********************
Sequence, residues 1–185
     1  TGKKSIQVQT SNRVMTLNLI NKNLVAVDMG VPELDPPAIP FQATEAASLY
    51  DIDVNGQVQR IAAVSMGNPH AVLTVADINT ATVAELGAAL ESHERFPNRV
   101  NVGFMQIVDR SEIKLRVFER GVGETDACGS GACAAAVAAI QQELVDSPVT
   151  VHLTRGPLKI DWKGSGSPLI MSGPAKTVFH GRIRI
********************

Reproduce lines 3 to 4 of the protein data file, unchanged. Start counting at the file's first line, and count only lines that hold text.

    51  DIDVNGQVQR IAAVSMGNPH AVLTVADINT ATVAELGAAL ESHERFPNRV
   101  NVGFMQIVDR SEIKLRVFER GVGETDACGS GACAAAVAAI QQELVDSPVT